Simple Pearson correlation coefficients were calculated to examine the possible relationships between levels of serum chemokines and oxidative stress biomarkers. We used a logarithmic transformation to normalize the distributions for IP-10, Eotaxin-1, TARC, TBARS, and MDA to meet the normality assumption of this model. Partial Pearson correlation coefficients were also calculated by controlling for age, sex, BMI, smoking, and alcohol drinking status.

To examine possible nonlinear relationship and minimize distortion of the Pearson correlation coefficient due to outliers, we further categorized chemokines into tertiles and compared the mean levels (95% confidence intervals) of oxidative stress markers in each tertile of chemokines. values for trend were calculated to assess possible trends of oxidative stress markers across the tertiles of chemokines. We also assessed whether differences in the mean concentrations of oxidative stress markers between the high and low tertiles of chemokines were statistically significant.

All statistical analyses were performed using the SAS 9.3 (SAS Institute, Cary, NC, USA). All statistical tests were two-sided and considered statistically significant at .

3. Results

Table 1 shows the characteristics of 104 participants (50 males and 54 females) included in this analysis. Average age of the participants was 48.3 years. About 60.6% of study participants were underweight or normal weight, 28.9% were overweight, and 10.6% were obese. Smokers constituted about 35.6% of the participants and about 32.7% were alcohol drinkers. Medians and IQRs of the measured chemokines are also summarized in Table 1.


VariablesDistribution

Mean (SD)

Age (years)48.3 (9.1)
BMI (kg/m2)23.7 (3.4)

(%)

Sex
 Male50 (48.1)
 Female54 (51.9)
Age groups
 ≤40 16 (15.4)
 40–5036 (34.6)
 >5052 (50.0)
BMI categories
 Underweight and normal (<24 kg/m2)63 (60.6)
 Overweight (24–28 kg/m2)30 (28.9)
 Obesity (≥28 kg/m2)11 (10.6)
Smoking status
 Smokers37 (35.6)
 Nonsmokers67 (64.4)
Alcohol drinking
 Drinkers34 (32.7)
 Nondrinkers70 (67.3)

Median (IQR)

GRO- (pg/mL)47.20 (25.35, 86.98)
IL-8 (pg/mL)40.01 (19.63, 92.89)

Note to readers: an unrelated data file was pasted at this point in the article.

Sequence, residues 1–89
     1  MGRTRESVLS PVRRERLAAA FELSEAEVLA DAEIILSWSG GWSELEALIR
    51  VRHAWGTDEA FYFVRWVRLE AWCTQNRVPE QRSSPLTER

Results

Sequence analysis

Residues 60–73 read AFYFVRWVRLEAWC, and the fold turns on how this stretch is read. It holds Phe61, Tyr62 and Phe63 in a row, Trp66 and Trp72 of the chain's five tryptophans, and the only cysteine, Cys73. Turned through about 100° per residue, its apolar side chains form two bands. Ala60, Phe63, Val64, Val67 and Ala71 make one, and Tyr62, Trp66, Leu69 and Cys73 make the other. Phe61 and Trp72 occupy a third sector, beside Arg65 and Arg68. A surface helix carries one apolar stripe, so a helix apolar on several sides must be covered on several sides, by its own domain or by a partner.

IP-10 (pg/mL)75.61 (58.40, 103.89)
MCP-1 (pg/mL)121.75 (90.56, 163.27)
RANTES (ng/mL)25.78 (18.89, 32.21)
MCP-2 (pg/mL)38.45 (27.42, 53.90)
Eotaxin-1 (pg/mL)146.02 (109.26, 192.29)
TARC (pg/mL)169.02 (108.40, 243.05)

TAS showed significantly positive correlations with MCP-1 (, ), MCP-2 (, ), Eotaxin-1 (, ), and TARC (, ) (Table 2). After controlling for the effects of age, sex, BMI, smoking, and alcohol drinking status, TAS still showed significantly or borderline significantly positive correlations with MCP-1 (, ), MCP-2 (, ), Eotaxin-1 (, ), and TARC (, ) (Table 2). In the categorized analyses, participants in the higher tertiles of MCP-1, RANTES, MCP-2, Eotaxin-1, and TARC showed significantly or borderline significantly higher levels of TAS (Table 3). Similar patterns were observed when the analyses were limited to nonsmokers (Supplementary Material 3).


TASTBARSMDA
Simple correlation coefficientsPartial correlation coefficients1Simple correlation coefficientsPartial correlation coefficients1Simple correlation coefficientsPartial correlation coefficients1

GRO-α−0.019740.023790.145170.172430.137310.15975
IL-8 −0.13489−0.14856−0.09451−0.10745−0.007190.01839
IP-10 0.059520.10126−0.11125−0.11266−0.13101−0.12015
MCP-1 0.30966**0.19606−0.10333−0.10115−0.05286−0.06448
RANTES0.093510.17431−0.00150.04048−0.024150.00592
MCP-2 0.3721***0.30958**−0.09373−0.05383−0.1378−0.1185
Eotaxin-1 0.39598***0.27219**−0.03503−0.031710.071750.07696
TARC 0.27149**0.21458*0.031330.05410.033650.04368

Note: 1. Adjusted for age, sex, smoking status, BMI, and alcohol drinking. 2. , , and .

TAS levelCrude for trendsAdjusted for trendsCrude for high versus low tertileAdjusted for high versus low tertile
Low tertileMiddle tertileHigh tertile

GRO-α0.94 (0.81, 1.06) 1.03 (0.92, 1.14) 0.94 (0.85, 1.04) 0.97530.94540.96330.8587
IL-80.99 (0.89, 1.09) 1.06 (0.94, 1.17) 0.87 (0.77, 0.97) 0.10700.12030.10220.1105
IP-100.92 (0.81, 1.03) 1.02 (0.91, 1.13) 0.98 (0.87, 1.08) 0.43630.16610.43570.1658